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The Infinity Puzzle

The average citizen, playing with his or her iPhone, spares not a moment's thought for the scientists who made it possible. Happily, a worthy remedy to this shameful gap in our communal knowledge comes in Frank Close's The Infinity Puzzle. Written with pellucid prose, a keen eye for salient details, a talent for the illuminating metaphor, a passion for the topic, and a novelist's gift for portraiture, narrative, and suspense, this book plumbs the rich roots of our current scientific understanding of how the universe works, down where it all gets fuzzy and weird.

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The Extraordinary Catalog of Peculiar Inventions

No amount of prior study or imaginative mental time-travel can prepare the reader for the outré and unsettling sights to be found in Julia Suits's wild and wacky...The Extraordinary Catalog of Peculiar Inventions. Burly, topless businessmen clad in hula skirts and ankle bells. Blindfolded clerks riding a Satan's Derby's worth of mechanical goats. Regally crowned shopkeepers plummeting down trick staircases. Farmers committing suicide by cannonball. The mind reels, as these uncanny vestiges of an extinct realm tease our wits and senses with devilish confusion. Chaos reigns supreme!

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The Sexual History of London

The transgressive writer Samuel Delany has theorized that one major reason for the creation of cities in the history of civilization was to provide more and better sex than could be found in pastoral or village settings. By this measure -- and according to the randy evidence found in the endlessly entertaining, illuminating and simply shocking new book by Catharine Arnold, The Sexual History of London, that storied city must be accounted a shining beacon in humanity's progress.

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The Exegesis of Philip K. Dick

There can be no more dependable indicator that we now all inhabit (or delude ourselves into believing we inhabit) a Philip K. Dick universe (or the shoddy simulacrum thereof) than the appearance of this mammoth volume of Dick's journals, letters, and private stream-of-consciousness essays, which he voluminously generated for a full eight years following his infamous mind-blasting, soul-shattering, paradigm-upsetting cosmic epiphany of 1974. Only waves of patented PKD-style reality distortion could have landed us in our contemporary situation.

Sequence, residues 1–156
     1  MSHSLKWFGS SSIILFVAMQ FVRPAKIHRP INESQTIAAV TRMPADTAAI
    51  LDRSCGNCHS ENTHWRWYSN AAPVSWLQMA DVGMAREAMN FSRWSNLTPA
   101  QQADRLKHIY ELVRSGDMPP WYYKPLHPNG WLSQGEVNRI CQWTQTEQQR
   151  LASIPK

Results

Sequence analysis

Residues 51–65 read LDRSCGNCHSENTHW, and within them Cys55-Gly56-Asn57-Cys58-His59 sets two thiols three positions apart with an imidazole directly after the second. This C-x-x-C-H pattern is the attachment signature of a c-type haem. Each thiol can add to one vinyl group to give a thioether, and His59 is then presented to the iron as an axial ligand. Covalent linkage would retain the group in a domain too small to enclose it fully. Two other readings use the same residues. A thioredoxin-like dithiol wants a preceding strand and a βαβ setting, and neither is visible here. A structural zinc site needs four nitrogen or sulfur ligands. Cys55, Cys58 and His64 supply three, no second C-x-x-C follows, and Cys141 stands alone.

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The Phantom Tollbooth: 50th Anniversary Edition

This handsome new edition of the classic children's fantasy novel The Phantom Tollbooth comes stuffed with extras in the form of various introductions and appreciations, by such intelligent, perceptive, and young-at-heart literary folks as Maurice Sendak, Michael Chabon, and Philip Pullman. These tidbits are all savory. But the real meat of the package remains Juster's inspired skylarking in the pages of this eternally silly-yet-wise novel, with its pitch-perfect original bramble-bush illustrations by Jules Feiffer. Having an excuse to enjoy this book again, and to introduce it to a new generation of readers, more than justifies investment in a bright, fresh copy!

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The Death-Ray

Right now Daniel Clowes is voyaging through the prolonged and impressive midpoint of his career, an era which began with Ghost World in 1997 and shows no sign of diminishing. Everything he produces at this juncture is rich with mastery, fertile with invention, and stamped with his ineffable individual touch. The Death-Ray originally appeared in 2004 as issue number 23 of Clowes's periodical comic Eightball. Limited in availability and impact by this format, the story has been rescued by current publication as a luxuriously oversized hardcover. 

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Physics on the Fringe

Any reader who loved The Men Who Stare at Goats or Sex and Rockets will derive similar joy from this finely wrought survey of gonzo ingenuity in the service of science. These "discoverers" or "paradoxers," as they were called in Victorian times, firmly endorse science's claim to represent an objectively true taproot into the numinous substratum of creation. So these outsider physicists are simply seeking to participate in the same consciousness-raising enlightenment which all the great scientists have experienced. But, bereft of any actual talents and training demanded by the academic and corporate "hegemony," they are forced to perform a kind of "hedge science," like the second-string wizards who can't make it into Hogwarts.